Belfast Telegraph

Huge concerns remain on legacy issues says Foster as 17,000 give their views

DUP leader Arlene Foster
DUP leader Arlene Foster
Ulster Unionist justice spokesman Doug Beattie
Sinn Fein legacy spokesperson Linda Dillon
Mark Bain

By Mark Bain

DUP leader Arlene Foster has said serious concerns remain over finding a way forward on Northern Ireland's past.

She was speaking after the publication of responses to the Government's consultation on legacy issues.

The summary, released yesterday, found that a "clear majority" of those who responded felt a statute of limitations or amnesty for Troubles-related matters would be inappropriate.

Yesterday's publication is a summary of the 17,000-plus public responses to the consultation received between May and October last year.

While saying that the consultation should help develop a better way forward, Mrs Foster said "the IRA has no intention of ever telling the truth about the past".

"The DUP pressed consistently for the consultation document to be published so the people could have their say," she said.

"The definition of a victim is still a common thread which runs through many responses."

Mrs Foster said any suggestion that a bombmaker could be defined as a victim, in the same way as the person who lost limbs in the bomb, was "immoral".

She said a new UK definition of a victim would have a "transformative impact" on how we deal with the past.

"Justice must always remain open to victims of terrorism. Justice must also be seen to be done. No one who has done wrong should be able to stop looking over their shoulder," she added.

"The challenge is finding a way forward which ensures that history is not rewritten and those who took innocent life are held accountable rather than the reputation of those who stood against terrorism being inaccurately tarnished."

Mrs Foster referred to comments made by former Sinn Fein president Gerry Adams in his graveside oration at the funeral of former IRA chief of staff Kevin McKenna last month.

She added: "When Gerry Adams told the funeral of Kevin McKenna that the part played by McKenna and others like him will never be known, it once again reinforces the view that the IRA has no intention of ever telling the truth about the past.

"While they demand the truth from soldiers and police officers, they hide from the truth about their dark and terrible past."

Ulster Unionist justice spokesman Doug Beattie warned Northern Ireland "must not end up with a process where those who shout the loudest get their way".

"We must be careful to do what is right, and deliver a balanced, fair, equitable and proportionate solution," he said.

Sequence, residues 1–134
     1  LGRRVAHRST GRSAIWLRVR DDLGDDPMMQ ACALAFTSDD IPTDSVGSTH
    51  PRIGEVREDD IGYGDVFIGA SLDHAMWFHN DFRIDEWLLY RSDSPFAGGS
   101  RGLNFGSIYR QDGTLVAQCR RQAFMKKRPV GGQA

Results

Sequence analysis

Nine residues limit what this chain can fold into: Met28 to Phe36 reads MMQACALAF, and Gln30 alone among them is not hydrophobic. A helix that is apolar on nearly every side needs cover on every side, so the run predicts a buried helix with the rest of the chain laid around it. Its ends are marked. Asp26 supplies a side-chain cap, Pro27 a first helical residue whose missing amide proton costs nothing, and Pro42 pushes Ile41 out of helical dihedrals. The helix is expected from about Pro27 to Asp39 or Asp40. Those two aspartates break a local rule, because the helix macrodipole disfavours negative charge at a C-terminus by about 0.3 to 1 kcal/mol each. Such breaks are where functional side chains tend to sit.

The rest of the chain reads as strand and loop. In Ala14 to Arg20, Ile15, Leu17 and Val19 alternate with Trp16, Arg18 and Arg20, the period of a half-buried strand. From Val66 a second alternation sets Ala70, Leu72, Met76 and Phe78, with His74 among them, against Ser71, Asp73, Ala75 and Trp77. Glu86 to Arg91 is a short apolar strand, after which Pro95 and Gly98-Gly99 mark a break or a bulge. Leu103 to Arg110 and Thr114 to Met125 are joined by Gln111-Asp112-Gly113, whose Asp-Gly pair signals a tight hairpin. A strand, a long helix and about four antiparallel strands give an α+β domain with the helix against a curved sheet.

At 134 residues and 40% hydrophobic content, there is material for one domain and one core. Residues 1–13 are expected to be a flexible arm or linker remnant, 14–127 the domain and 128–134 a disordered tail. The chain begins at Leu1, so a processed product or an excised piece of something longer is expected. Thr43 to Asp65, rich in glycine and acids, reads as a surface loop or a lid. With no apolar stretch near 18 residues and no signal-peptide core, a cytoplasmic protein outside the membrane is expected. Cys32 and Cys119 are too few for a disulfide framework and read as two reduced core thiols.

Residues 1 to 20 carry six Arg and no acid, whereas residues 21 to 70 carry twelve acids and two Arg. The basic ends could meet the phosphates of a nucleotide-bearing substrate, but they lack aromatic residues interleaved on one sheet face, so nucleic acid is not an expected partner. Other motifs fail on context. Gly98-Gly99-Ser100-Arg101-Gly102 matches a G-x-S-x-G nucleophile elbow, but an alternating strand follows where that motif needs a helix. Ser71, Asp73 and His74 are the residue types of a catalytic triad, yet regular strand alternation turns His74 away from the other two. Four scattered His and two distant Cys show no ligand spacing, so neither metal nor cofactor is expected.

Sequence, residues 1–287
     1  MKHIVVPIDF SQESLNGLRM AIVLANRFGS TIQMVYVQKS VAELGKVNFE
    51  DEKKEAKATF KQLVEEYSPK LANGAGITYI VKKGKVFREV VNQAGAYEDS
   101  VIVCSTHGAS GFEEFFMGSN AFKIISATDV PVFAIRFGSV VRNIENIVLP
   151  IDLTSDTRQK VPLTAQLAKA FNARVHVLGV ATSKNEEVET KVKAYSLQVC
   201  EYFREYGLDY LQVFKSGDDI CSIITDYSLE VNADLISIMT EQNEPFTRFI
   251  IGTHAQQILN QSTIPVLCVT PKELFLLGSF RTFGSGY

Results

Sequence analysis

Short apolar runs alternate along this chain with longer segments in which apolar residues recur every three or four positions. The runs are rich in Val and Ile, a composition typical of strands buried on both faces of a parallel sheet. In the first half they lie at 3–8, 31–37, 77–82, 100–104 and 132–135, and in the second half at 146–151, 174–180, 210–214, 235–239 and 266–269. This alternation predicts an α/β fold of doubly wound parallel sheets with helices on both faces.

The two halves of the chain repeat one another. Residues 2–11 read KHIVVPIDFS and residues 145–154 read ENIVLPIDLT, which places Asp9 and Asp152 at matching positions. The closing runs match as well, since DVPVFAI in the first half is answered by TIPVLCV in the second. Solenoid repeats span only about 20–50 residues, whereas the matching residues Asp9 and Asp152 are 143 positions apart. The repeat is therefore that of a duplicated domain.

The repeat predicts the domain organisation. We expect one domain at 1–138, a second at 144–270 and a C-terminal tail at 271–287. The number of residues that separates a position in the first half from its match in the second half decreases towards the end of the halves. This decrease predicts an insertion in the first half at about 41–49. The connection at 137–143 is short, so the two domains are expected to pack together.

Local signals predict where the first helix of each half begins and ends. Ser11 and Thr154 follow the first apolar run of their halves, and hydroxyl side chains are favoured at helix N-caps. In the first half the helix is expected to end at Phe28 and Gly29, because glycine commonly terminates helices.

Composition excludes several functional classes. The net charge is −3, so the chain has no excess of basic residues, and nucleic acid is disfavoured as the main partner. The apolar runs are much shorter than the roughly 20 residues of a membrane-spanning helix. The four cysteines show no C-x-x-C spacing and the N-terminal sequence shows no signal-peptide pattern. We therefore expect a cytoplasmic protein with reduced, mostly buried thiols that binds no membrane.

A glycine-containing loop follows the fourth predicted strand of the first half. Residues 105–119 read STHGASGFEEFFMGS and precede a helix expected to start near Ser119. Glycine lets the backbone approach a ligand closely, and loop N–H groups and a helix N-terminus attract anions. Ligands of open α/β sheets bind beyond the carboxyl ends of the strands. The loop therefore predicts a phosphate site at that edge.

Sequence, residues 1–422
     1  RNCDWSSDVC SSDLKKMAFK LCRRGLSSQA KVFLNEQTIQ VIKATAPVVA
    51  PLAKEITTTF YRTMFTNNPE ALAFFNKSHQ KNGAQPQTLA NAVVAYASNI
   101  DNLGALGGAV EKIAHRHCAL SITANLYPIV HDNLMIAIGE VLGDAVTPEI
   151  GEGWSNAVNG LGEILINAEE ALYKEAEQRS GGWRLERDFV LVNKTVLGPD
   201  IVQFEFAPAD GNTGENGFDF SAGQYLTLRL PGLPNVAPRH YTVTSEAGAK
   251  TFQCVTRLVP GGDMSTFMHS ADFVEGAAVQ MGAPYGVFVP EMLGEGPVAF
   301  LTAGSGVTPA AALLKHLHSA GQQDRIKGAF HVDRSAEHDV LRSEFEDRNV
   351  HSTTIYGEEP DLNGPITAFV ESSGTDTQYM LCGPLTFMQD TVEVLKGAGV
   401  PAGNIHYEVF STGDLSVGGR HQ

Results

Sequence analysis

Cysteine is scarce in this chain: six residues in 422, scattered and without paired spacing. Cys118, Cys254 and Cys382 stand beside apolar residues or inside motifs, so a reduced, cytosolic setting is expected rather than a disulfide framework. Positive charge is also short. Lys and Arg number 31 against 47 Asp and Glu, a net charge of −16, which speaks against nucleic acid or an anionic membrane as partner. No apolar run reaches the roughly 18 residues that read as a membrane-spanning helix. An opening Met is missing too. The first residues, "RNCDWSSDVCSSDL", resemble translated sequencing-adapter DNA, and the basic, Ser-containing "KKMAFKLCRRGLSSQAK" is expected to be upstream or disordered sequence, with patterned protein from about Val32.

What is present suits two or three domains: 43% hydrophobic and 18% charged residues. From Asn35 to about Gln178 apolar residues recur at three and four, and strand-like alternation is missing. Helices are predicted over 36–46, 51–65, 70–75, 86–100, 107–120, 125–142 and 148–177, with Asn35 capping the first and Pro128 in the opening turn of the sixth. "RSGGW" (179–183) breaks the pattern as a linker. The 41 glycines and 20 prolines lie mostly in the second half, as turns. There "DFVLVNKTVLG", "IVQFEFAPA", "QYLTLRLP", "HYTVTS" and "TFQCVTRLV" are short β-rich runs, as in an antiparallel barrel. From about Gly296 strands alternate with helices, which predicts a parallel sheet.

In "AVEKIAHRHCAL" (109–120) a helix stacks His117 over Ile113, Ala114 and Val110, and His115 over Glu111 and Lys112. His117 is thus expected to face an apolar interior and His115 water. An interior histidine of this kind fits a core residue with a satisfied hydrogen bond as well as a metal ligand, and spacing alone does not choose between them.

"We are not surprised that there is a lot of agreement that the present system for dealing with the past isn't working, but that does not mean we should accept a replacement solution that is so structurally flawed."

Mechanisms for dealing with the past, including a new independent investigation unit and a truth recovery body, were agreed in the 2014 Stormont House Agreement.

Despite yesterday's publication of the consultation summary, the Government has not indicated whether it will now move to establish the mechanisms.

It is understood officials will now consult with the Stormont parties to gauge their views on the way ahead.

Sinn Fein legacy spokesperson Linda Dillon said yesterday's publication demonstrates that "now is the time to deal with the past". She added: "We have rigorously opposed every attempt to introduce immunity for crimes committed by British soldiers in Ireland. We will continue to support the victims.

"There is also clear concern that national security should not be used or abused to prevent families accessing the truth.

"The British Government must urgently set out a time frame to bring forward legislation for the legacy structures. The time to engage with t he past is now."

Alliance deputy leader Stephen Farry said the responses show a "clear rejection" of a statute of limitation for crimes committed during the Troubles.

"This needs to be a springboard towards final agreement on a comprehensive set of arrangements to deal with the legacy of the past," said Dr Farry.

"The Stormont House Agreement is not perfect, no system is, but this is the only means to find a way to address the multiple demands within the context of a process of reconciliation."

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